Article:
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Buddhadharma : Spring 2006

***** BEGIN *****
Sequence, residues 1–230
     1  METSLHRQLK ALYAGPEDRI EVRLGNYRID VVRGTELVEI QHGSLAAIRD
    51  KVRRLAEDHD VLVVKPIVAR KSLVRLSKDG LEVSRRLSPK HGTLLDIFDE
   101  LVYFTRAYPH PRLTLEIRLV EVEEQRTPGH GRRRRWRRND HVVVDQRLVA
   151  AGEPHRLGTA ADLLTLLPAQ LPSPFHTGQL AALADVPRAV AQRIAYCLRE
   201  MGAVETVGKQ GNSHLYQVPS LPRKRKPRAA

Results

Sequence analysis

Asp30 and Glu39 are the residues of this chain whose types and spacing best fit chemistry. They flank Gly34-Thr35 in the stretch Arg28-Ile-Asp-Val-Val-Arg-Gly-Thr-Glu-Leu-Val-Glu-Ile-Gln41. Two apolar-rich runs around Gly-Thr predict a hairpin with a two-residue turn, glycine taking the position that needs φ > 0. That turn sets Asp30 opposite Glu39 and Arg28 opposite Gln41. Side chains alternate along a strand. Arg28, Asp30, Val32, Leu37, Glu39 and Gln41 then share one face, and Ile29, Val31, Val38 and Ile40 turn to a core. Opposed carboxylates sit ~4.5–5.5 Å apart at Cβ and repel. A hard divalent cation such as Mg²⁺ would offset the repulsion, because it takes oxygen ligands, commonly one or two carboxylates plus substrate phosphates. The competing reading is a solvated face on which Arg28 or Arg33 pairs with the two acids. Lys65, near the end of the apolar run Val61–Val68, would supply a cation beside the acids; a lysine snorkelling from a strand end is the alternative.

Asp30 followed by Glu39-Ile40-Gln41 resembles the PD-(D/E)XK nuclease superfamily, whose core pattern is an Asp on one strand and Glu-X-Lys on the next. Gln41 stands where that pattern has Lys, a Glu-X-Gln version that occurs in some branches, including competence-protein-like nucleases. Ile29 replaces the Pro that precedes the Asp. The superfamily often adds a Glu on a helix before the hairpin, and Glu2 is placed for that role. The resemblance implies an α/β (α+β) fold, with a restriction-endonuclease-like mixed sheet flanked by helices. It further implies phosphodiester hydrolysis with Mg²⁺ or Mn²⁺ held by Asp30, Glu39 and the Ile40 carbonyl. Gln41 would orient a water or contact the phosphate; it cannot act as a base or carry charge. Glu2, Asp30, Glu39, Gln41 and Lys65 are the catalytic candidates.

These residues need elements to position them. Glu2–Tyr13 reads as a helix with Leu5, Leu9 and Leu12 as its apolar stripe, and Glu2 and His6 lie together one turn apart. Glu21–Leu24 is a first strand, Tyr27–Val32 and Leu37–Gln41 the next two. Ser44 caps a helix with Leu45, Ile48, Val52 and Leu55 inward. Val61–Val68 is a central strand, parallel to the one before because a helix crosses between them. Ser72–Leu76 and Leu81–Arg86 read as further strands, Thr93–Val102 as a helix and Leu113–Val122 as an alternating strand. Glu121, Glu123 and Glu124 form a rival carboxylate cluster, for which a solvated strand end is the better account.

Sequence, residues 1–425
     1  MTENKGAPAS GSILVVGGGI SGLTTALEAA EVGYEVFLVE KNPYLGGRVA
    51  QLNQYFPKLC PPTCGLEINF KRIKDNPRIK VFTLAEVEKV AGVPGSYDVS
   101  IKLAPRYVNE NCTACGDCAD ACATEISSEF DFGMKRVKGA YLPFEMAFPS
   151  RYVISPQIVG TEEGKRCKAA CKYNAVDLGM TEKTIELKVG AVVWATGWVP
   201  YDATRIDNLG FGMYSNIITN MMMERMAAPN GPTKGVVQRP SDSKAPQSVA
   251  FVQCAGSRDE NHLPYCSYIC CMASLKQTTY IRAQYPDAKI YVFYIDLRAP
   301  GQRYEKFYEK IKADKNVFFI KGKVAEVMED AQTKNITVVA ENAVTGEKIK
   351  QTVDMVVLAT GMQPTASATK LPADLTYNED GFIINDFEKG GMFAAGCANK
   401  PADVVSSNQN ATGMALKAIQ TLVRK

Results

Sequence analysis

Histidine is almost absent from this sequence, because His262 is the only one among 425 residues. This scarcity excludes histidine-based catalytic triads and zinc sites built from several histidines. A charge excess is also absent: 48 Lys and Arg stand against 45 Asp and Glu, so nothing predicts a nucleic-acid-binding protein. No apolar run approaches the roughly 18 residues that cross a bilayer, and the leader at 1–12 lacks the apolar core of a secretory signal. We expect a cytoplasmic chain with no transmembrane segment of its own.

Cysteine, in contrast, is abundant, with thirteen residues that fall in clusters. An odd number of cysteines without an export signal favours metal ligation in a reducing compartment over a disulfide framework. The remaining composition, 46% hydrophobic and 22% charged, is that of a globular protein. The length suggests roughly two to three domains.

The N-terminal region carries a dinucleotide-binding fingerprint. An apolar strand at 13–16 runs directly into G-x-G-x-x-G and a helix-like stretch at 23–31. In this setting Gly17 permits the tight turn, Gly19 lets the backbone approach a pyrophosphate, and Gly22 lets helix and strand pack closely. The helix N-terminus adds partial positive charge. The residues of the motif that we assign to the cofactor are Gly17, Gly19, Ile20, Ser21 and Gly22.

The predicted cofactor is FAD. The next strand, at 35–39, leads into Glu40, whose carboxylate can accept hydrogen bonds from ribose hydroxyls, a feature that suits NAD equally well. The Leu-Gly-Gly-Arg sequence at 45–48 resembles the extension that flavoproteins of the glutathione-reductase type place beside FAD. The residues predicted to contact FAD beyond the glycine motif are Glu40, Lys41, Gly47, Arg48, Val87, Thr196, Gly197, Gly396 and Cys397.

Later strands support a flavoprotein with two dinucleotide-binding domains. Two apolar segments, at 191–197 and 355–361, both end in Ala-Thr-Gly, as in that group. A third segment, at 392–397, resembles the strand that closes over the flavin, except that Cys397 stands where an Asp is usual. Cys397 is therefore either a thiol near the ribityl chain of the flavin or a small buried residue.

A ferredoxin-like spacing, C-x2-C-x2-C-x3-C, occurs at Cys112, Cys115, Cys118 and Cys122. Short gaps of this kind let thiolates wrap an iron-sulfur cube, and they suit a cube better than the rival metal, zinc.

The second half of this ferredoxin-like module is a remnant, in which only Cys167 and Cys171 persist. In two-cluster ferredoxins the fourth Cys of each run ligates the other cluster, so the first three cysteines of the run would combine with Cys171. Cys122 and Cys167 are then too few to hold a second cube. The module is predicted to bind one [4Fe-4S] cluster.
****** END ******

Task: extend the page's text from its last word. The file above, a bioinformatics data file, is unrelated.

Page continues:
spring 2006| 84 |buddhadharma In September 1973, the writer Peter Matthiessen, a student of Rinzai Zen, paid a visit to his teacher, Eido Shimano Roshi. A grieving widower and a father of four children, Matthiessen was about to leave on an expedition to northwestern Nepal in the hope of sighting the rare and elusive snow leopard. “Expect nothing,” Eido Roshi advised. And for the next three months, as he ventured into the Land of Dolpo in search of both the snow leopard and his own “true nature,” Matthiessen would bear that advice in mind, stepping lightly on a dangerous path, “with no thought of attainment.” Eido Roshi’s admonition and Matthiessen’s struggle to heed it lie close to the heart of The Snow Leopard, a book I first read some twenty-five years ago. At the time, my personal circumstances were less than stable or propitious. My father had died eight years earlier at the age of sixty-six, one year into a much antici- pated retirement. My mother’s condition, physical and emotional, was rapidly declining, and my first marriage was on the verge of dissolution. My son was four years old. In view of my experiences, Matthiessen’s effort to relinquish his ego and to cultivate a “calm acceptance of everything that comes” struck a deeply resonant chord. And though I did not fully comprehend the notion of expecting nothing, much less its Buddhist context, Matthiessen’s vision of pilgrimage, renun- ciation, and acceptance offered solace as well as encouragement. Beyond its therapeutic value, The Snow Leopard also offered an example of high literary achievement. Like many original works in the late-modernist mode, Matthiessen’s is a synthesis of mul- tiple genres, including the travelogue, the journal, the confession, and the medita- tive essay. A primer of Rinzai Zen, it is also a kind of extended koan. And though its structure is primarily linear, it works by collage and juxtaposition, moving freely from precise notations of flora and fauna to expositions of Buddhist doctrine to memories of the narrator’s crushing losses. Together these strategies create a richly textured, multi-layered narrative, in which an external adventure mirrors a momentous interior journey. At the purely literal level, Matthiessen’s tale makes engrossing reading. In the company of the field biologist George Schaller, who went to Nepal to study the Himalayan blue sheep, Matthiessen trekked from Pokhara to the site of the Shey Monastery on the Tibetan Plateau, keenly observing the plants, creatures, and people he encountered along the way. “When one pays attention to the pres- ent,” the author notes, “there is great pleasure in awareness of small things.” And for the reader of Matthiessen’s meticulous observations, there is a com- parable aesthetic pleasure, enhanced by the author’s lean and vibrant prose: Eventually the track arrives at the snowfields beneath the summit rim; I am exhausted. Across the whiteness sails a lammergeier, trailing its shadow on the snow, and the wing shadow draws me taut and sends me on. For two more hours I trudge and pant and climb and slip and gasp, dull as any brute, while high above, the prayer flags fly on the westering sun, which turns the cold rocks igneous and the hard sky to a white light. Direct, immediate, and exact, such writing seems to me timeless – as compel- ling today as it was two decades ago. Yet if The Snow Leopard had been only an example of modernist complexity and fine prose, it would not have impressed me so profoundly. What moved me then – and has stayed with me to this day – was Matthiessen’s candid depiction of his inner journey, untainted by senti- ment or self-exoneration. In Matthiessen’s colloquy with Eido Roshi, his teacher intuits that his student is on the brink of a “great death,” out of which a realization of his original nature will be born. And midway through the book, it becomes apparent that the narrator’s search for the snow leopard is merely a framework for his search for “ultimate reality” and his desire to experience his “own true being, utterly still, utterly clear, a void, an Emptiness without life or sound that car- ries in itself all life, all sound.” Although Matthiessen’s search falls short of its objective, and its very legitimacy is called into question, he is left with an experience “far more beautiful than anything [he] had hoped for or imagined.” In his partial failure, as in his unanticipated exultation, he has confirmed the wisdom of expecting nothing. When The Snow Leopard first appeared, it won the National Book Award and wide critical acclaim. Naturally, elements of the book now seem dated, among them Mat- thiessen’s summary treatment of Thera- vada Buddhism, his rather facile conflation of Zen and Tibetan practices, and his sometimes romanticized view of Tibetan culture. Yet if my experience of teaching the book to undergraduates is any indica- tion, it has retained its power to stir, aston- ish, and inspire a new generation of readers. And, for this reader, it holds the honor of being the book that first – and irrevocably – introduced me to the dharma. Ben Howard Is a professor of englIsH at alfred UnIversIty In alfred, new york, and Is tHe aUtHor of several Books of poetry. He Is a longtIme stUdent of Zen and vIpassana. dharma classic expect NothiNg the sNow leopard by peter matthiessen the Viking press, 1978 reprinted by penguin books, 1987 reviewed by ben howard